I’ve been working on series of updates to the dry needling chapter in my trigger points book, gradually building it up to the point where it would make a good, substantive article on this topic in its own right. It must stay in the book, but here’s an interesting excerpt that I just have to share with everyone today.
A little context first, though: modern dry needling involves stabbing “trigger points” (sore spots in soft tissue of unknown origin) with acupuncture needles. Overlap between acupuncture and dry needling is partial/confusing, but the use of acupuncture needles for this purpose today is almost universal. No one’s using anything else. Which makes this rather interesting …
The term “dry needling” came from Dr. Janet Travell herself, many moons ago. In the original big red books, she used the term to describe lancing a trigger point with a hypodermic needle without actually injecting anything. Ouch! She did not go into any detail, but her method is definitely distinct from modern dry needling, which is much more directly “inspired” by acupuncture. Although Travell didn’t explain her rationale for dry needling, she did explain why she never used an acupuncture needle: she thought they were too fine!
There has never been a shred of empirical evidence that suggests that any rationale for dry needling is superior to any other. Like mutually exclusive religious beliefs, they clearly can’t all be right. The fact that Dr. Travell disapproved of acupuncture needles is fascinating and irksome — she is virtually worshipped, her book is still the bible of trigger point therapy … and yet no one using acupuncture needles today has offered an explanation of why they are ignoring her opinion on this. If she was wrong, then it casts doubt on the Mother of Trigger Point Therapy (doubt that is absent from nearly all references to her work). If she was right, then dry needlers have been barking up the wrong tree for a long time.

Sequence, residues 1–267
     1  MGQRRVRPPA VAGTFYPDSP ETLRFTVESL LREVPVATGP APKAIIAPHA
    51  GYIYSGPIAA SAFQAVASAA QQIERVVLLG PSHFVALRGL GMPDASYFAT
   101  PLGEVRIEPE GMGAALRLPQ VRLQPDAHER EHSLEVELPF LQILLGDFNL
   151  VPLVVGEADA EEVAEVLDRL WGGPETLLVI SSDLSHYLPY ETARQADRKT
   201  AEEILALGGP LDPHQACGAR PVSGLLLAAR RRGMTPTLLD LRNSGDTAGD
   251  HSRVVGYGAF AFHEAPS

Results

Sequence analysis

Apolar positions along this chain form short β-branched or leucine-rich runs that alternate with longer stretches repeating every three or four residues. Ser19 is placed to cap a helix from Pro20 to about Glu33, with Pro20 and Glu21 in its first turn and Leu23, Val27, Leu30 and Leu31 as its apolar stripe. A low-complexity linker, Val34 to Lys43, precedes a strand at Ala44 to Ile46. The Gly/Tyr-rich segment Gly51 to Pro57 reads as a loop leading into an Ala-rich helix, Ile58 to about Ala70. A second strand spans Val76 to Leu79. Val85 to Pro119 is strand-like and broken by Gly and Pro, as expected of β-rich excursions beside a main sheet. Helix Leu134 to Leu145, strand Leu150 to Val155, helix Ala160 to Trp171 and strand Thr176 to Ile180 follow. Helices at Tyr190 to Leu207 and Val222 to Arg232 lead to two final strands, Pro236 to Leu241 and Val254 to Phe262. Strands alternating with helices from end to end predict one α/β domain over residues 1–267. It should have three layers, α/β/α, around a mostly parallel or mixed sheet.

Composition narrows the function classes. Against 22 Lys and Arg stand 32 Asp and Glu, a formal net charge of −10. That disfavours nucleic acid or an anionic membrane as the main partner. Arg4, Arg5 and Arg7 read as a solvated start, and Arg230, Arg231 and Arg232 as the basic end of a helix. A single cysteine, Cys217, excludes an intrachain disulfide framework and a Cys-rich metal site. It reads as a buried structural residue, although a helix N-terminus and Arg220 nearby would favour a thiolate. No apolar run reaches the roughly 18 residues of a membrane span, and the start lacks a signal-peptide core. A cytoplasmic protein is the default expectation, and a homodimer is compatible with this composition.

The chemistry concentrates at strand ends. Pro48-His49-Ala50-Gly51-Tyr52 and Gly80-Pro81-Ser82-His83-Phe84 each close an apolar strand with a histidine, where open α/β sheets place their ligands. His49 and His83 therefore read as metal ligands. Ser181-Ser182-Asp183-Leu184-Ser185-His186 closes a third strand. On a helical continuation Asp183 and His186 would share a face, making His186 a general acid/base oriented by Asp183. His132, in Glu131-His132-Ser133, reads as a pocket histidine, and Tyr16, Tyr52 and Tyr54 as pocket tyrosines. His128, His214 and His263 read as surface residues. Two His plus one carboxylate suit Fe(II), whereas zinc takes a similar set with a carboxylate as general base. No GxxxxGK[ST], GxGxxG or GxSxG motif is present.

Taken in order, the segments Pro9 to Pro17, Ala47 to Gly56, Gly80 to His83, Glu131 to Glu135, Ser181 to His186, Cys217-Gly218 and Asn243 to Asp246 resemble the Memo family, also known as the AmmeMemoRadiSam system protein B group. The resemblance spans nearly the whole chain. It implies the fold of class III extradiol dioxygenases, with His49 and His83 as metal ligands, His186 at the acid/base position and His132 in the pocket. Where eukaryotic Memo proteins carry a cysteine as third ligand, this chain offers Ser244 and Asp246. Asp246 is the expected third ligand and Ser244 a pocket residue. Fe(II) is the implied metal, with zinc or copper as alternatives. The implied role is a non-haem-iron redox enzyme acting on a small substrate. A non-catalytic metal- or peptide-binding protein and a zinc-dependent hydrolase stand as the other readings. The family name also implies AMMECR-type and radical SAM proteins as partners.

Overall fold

Or perhaps they are all wrong. Because how dry needling might work is a moot point if it doesn’t work. So …
And then the book continues with an evidence review that does not have a happy ending.
One hypothesis is that stabbing “inactivates” trigger points by wrecking the neuromuscular junction (motor endplate). Here’s four of those, at the ends of branching motor neurons, attaching to muscle fibres. Each one is about 3µm (.03mm) wide, roughly a tenth the diameter of an acupuncture needle. Trying to hit one of these like trying to use a spear to stab a raisin under a metre of Jello. Or a harpoon, if you’re using a hypodermic needle.
The “negative” trigger point book
My trigger point book is a 130,000-word beast, much longer than the average novel, and there are chapters in there I haven’t touched in a decade, like boxes in your attic that contain God-knows-what. Sometimes I open it to a random location, read three paragraphs that make my head explode, and I have to spend the morning bringing it up-to-date (instead of whatever 62 things were on my to-do list).
I never stop modernizing my books, and in the case of the trigger points book, “modernizing” mostly means making it more of a bummer for people who want to believe that trigger points are the key to all pain. It’s the only book about trigger points that discourages people from getting too overheated about trigger points. It’s all about managing expectations now, and the chapter on needling is an excellent example of this trend.
(If you think trigger points “don’t exist” and/or you’re still unclear on why I am not much more dismissive of the idea of trigger points than I am — I do still sell a book about them, after all, even if it is relatively “negative” — my position on this controversial topic is exhaustively spelled out here: Trigger Point Doubts. The highlights are covered by about dozen bullet points early in the article.)